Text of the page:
# Mathematical Methods in Quantum Molecular Dynamics (13w5018)

Arriving in Banff, Alberta Sunday, April 28 and departing Friday May 3, 2013

## Objectives

We propose a workshop on new mathematical methods for studying the dynamics of molecules and reactions. Chemists, physicists, and mathematicians are working in this field, but communication between them is poor. The workshop will bring together people with different perspectives, experience and knowledge in different disciplines who are working on similar problems.

There is a crying need to develop new methods to study the dynamics of molecules. The problems are extremely challenging because they require solving partial differential equations in high dimensions. There is a very large group of numerical analysts and mathematicians working on ideas (e.g., finite differences, finite elements, adaptive grids, preconditioners, etc.) for solving problems in up to three dimensions. These ideas are widely applied by engineers who study real 3D problems (e.g., the design of airplane wings). In quantum mechanics, every particle may move 3 dimensions, and thus a molecule or reacting system with N atoms involves dynamics in 3N dimensions. If N is 5 (as is the case, for example, for the methane molecule, an important green house gas), one needs to solve a 15 dimensional problem! Methods that work well in 3D are completely useless in 15D. This difficulty is often referred to as the “curse of dimension.” If the motion of molecules were governed by the laws of classical mechanics the problem would be tractable, but molecules are intrinsically quantum mechanical. Because of the non-locality of quantum mechanics, the wavefunctions that describe the state of the system are functions of 3N independent coordinates. (For many problems the centre of mass motion and perhaps the angular momentum can be separated, but doing so reduces the dimension by at most 6.)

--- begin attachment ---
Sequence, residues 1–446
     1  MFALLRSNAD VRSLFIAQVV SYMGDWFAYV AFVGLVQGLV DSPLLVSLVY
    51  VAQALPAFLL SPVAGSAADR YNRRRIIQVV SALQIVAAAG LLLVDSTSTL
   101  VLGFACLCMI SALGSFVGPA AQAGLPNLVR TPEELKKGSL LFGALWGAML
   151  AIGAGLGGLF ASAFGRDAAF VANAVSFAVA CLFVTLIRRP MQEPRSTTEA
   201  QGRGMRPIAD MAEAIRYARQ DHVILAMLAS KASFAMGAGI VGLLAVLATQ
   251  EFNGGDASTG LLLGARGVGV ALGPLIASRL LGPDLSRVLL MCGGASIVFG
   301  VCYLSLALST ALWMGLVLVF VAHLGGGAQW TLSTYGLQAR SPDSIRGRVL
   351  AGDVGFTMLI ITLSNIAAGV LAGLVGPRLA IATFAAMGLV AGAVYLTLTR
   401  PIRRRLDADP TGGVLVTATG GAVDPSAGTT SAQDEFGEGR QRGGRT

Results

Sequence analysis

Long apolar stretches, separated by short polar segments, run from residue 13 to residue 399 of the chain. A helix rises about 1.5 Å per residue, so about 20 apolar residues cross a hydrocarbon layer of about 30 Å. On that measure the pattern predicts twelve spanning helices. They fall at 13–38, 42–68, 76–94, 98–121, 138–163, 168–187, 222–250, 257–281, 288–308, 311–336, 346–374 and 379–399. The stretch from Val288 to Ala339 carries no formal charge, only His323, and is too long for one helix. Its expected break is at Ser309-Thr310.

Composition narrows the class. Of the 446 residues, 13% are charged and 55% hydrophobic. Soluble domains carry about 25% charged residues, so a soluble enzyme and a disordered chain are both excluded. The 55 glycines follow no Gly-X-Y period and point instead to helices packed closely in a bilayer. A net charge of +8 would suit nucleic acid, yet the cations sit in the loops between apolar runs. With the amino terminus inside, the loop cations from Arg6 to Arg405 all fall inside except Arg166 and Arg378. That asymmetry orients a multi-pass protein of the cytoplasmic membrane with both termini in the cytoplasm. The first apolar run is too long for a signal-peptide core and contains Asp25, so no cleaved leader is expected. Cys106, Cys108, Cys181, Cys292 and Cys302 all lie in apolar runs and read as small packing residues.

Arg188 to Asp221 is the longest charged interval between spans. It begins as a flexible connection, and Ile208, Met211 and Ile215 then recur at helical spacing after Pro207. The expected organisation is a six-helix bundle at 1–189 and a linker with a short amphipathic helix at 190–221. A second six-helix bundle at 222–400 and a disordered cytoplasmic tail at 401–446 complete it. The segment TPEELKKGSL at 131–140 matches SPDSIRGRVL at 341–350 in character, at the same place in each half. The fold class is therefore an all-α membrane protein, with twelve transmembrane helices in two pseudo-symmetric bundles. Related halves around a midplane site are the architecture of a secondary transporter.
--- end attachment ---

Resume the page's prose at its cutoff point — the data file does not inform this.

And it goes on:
There has been considerable work in the development of semi-classical and adiabatic approximations for solving high-dimensional problems in quantum dynamics. Mathematicians, chemists, and physicists sometimes have developed similar ideas. It is crucial that scientists in these disciplines be brought together. Significant progress will be made possible by the resulting cross-fertilization. The understanding of mathematicians working in semi-classical analysis, the theory of adiabatic approximations and avoided crossings should enable chemists who apply these ideas to develop better computational methods. Gaussian basis methods for solving the time dependent Schrödinger equation are particularly promising.

To solve the Schrödinger equation without making approximations, one almost always expands the unknown wavefunctions as linear combinations of known basis functions. The expansion coefficients are most frequently obtained by applying the Hamiltonian operator to a linear combination of basis functions, multiplying on the left by a basis function and integrating. (Numerical analysts call this a Galerkin method.) For the purpose of calculating (ro-)vibrational spectra, cross sections, reaction rate constants, etc., it is common to use a direct product basis, each of whose functions is a product of functions of a single particle’s coordinates. Direct product bases are simple and systematically improvable. Typically one requires about 10 functions per coordinate so the size of the direct product basis required to solve an angular momentum zero Schrödinger equation in the centre of mass frame with N particles is about 103N-6. Two major problems impede progress. One is the size of the basis set, the other is the size of the quadrature grid required to compute integrals in 3N-6 dimensions. Sparse grid techniques developed by mathematicians can be used to overcome both problems. Some progress has been made on both fronts, but there is a real need to share information between mathematicians and chemists/physicists. More is known about reducing the basis size. Scientists are just starting to explore the use of sparse grid ideas for doing the quadratures necessary to solve the Schrödinger equation.